Published at : 19 Dec 2020

http://www.engvid.com Do English prepositions confuse you? There are so many little words to talk about time, but which one do you use, and when? Watch this lesson to erase your confusion. In this lesson, I will teach you how to use "until", "by the time", "no later/earlier than" and more. By the end of this lesson, you will understand the difference between these prepositions and phrases. Until then, sit back, relax, and learn. http://www.engvid.com/prepositions-of-time-in-english/

TRANSCRIPT

Hi, everybody. Welcome back to www.engvid.com. I'm Adam. In today's video we're going to look at the prepositions: "by" and "until". We're going to look at the differences between them, and how to use them, and what specific meanings they each have. We're also going to look at the expression: "by the time", as another way of using "by" or whatever situation, and this one: "no ________ than". Now, the reason why I left this blank is because you can actually put quite a few words in there. We're going to look specifically at: "no later than" to replace "by" and "until", but for now I want you to also understand that there's other uses for it, and I'll give you some examples of those. Now, before I start I will say Emma did a very good lesson about "by" and "until". Mine is a little bit different because I'm going to show you some other situations where you will use one or the other. Okay?

So we're going to start by figuring out: What's the difference between these two? So look at our example sentences. I'll get to our little time map in a second. "I'll be at the office until noon.", "I'll be at the office by noon." Now, first of all, let's assume the average workday is about... Is from 9 until about 5 o'clock, but I have some... I have some meetings in the afternoon so I will have to leave the office. But if you want to meet with me, I'll be there until noon. What does that mean? It means that I will arrive at the office at the usual time, 9 o'clock, and I will stay there. So my stay at the office will continue until noon. At noon I will leave. Okay? So this is when we're using "until". Now, before I get in... Into that again, let's look at the second one. "I'll be at the office by noon." So, here, we're looking at somewhere in this time, but not later than noon I will arrive at the office. Okay?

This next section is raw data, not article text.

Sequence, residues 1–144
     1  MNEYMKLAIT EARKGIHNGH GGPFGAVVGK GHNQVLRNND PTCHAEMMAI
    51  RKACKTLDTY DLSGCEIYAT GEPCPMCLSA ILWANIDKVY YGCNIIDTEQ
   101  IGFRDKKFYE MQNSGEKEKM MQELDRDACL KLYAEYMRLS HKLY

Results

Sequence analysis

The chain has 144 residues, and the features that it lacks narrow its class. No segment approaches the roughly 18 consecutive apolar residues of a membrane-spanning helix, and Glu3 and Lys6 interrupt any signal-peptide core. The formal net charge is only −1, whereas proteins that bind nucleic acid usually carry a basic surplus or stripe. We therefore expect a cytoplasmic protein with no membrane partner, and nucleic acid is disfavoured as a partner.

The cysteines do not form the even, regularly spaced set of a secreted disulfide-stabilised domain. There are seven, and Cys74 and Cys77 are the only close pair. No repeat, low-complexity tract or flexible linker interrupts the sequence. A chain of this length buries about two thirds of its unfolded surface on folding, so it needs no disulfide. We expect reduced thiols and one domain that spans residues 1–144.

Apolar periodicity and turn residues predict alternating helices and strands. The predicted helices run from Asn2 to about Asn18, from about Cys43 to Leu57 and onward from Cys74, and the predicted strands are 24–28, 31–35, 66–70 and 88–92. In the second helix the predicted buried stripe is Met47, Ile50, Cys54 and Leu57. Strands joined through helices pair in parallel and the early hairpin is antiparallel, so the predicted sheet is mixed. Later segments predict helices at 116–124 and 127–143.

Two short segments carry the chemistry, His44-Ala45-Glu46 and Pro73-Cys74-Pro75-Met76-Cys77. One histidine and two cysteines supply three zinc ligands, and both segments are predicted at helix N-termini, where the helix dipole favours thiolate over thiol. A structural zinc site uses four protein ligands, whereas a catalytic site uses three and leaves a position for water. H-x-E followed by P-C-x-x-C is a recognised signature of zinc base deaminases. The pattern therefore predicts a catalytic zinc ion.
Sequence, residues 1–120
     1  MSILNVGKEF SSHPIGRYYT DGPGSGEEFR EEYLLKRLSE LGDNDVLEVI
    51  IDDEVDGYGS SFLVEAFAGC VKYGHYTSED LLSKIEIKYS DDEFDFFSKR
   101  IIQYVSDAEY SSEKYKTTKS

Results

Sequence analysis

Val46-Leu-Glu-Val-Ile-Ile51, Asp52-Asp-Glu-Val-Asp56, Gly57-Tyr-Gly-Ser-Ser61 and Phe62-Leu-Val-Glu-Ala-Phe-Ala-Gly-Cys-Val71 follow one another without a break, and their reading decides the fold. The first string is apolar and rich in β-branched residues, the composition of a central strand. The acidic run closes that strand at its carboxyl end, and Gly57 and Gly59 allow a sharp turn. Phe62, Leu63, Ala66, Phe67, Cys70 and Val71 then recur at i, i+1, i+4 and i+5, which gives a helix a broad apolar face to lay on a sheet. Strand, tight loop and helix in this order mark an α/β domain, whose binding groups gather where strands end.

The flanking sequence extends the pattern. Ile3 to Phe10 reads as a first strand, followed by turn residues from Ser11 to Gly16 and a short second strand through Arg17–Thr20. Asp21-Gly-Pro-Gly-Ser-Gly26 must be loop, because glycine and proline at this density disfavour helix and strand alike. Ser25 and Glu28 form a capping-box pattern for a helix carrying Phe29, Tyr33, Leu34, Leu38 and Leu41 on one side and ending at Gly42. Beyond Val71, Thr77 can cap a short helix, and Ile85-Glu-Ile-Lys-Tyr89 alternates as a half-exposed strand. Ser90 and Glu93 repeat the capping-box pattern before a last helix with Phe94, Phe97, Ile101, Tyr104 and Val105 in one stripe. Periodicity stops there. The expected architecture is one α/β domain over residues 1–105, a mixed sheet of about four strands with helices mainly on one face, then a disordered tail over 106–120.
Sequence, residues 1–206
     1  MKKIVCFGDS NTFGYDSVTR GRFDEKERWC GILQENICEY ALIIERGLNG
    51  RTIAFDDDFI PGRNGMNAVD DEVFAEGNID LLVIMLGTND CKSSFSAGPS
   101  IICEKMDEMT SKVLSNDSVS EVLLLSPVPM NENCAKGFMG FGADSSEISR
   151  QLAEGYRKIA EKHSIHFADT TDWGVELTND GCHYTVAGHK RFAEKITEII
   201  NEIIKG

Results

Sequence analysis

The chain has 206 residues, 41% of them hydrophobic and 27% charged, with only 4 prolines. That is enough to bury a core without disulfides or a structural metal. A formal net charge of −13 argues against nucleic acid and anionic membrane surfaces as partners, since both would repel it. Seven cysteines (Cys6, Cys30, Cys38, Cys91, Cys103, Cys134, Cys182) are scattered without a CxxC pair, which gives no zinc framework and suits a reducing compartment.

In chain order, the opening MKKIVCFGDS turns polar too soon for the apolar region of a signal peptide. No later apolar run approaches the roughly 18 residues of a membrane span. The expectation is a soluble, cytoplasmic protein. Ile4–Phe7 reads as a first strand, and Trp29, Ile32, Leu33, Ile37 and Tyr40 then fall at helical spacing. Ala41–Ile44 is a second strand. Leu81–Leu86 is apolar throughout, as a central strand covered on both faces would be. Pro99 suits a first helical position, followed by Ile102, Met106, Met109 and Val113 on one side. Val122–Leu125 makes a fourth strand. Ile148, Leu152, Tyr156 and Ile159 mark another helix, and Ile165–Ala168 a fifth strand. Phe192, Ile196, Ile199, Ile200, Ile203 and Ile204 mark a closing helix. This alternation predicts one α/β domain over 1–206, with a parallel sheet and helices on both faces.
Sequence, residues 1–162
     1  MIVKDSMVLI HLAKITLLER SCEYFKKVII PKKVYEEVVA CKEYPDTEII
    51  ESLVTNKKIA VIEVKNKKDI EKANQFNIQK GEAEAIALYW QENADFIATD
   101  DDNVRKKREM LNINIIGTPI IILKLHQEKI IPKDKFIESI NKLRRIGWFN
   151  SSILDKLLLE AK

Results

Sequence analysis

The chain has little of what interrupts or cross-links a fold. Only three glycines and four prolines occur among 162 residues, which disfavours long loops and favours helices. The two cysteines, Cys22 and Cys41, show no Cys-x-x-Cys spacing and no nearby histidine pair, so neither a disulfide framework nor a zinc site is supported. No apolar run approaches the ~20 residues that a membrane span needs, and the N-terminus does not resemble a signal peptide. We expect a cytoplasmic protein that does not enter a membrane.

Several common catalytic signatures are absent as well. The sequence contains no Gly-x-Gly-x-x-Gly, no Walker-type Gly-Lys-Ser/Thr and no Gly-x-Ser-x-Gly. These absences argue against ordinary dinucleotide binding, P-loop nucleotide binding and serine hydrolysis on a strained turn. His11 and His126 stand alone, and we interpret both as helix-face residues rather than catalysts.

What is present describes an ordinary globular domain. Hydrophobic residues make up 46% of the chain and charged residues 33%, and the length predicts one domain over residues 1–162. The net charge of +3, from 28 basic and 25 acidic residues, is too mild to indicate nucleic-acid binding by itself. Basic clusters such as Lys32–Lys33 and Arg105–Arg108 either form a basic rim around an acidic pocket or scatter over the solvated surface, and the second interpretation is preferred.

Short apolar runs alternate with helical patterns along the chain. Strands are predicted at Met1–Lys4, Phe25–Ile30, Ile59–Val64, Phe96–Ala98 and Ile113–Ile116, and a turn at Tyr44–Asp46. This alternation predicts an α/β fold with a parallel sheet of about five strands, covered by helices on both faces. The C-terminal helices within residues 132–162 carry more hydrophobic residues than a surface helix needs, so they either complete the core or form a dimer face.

Now, what's the key difference between these two? Well, one, something continues. An action starts, continues, and it ends at that time mentioned after "until". So both of them have an end time. You could even say a deadline, but that's for other uses. There's an end time. And that end time is noon. Okay? Something will happen at noon. Now, in the case of "by", it could happen before. In the case of "until", only one thing will happen. But the key to remember: When we use "by", we're looking at a finite action. This arrive is a one-time thing. Right? It'll... It can happen here, it could happen here, it could even happen here. With "until" only here will I leave. Okay? Now, what's the difference, another difference that we have to think about? Is not only the continuance of an action and the finite situation of an action; here, we're looking at something ending. My time at the office will end. Here, something can end or start. So if you want to meet me, I'll be in the office by noon, so you can meet me from noon until 5. So the start time, the earliest time you can meet me is noon. The latest time you can meet me is just before noon because I'm leaving at noon. Right? So that's one thing to keep in mind. The... Basically the implied situation. Now: "I'll be at the office by noon and I'll stay until 5." You can use both of them in one sentence. Sometime in here I'll arrive, and then from 12 till 5, I'll be at the office.

So, what's the key? Now I hope you basically notice this. What's the key difference in these two sentences, is it the preposition? Yes. Different prepositions, different meanings. But what I hope you realize is that the difference is in the verb "be". Why? What does "be" mean here, and what does "be" mean here? "Be... I'll be at the office until... Until noon", means I will stay at the office until noon. So this situation will continue. Here, "be" means arrive. "I will arrive at the office by noon." So, one point here in this time... Timeframe I guess you could call it, something will happen. Continued, finite. "Finite" means it's a one-time action and that's it, it's finished. So that's a very important thing to remember with "by". Okay? "By", and we also think about: "at", "on", or "before". So, "at" for time. This is a little review of prepositions. "At 5 o'clock", "on Friday", "on day", so: "At 5 o'clock or before.", "At noon or before.", "On Friday or before." Okay? "Until"... Now, we don't use this preposition "to", but something continues to the end time.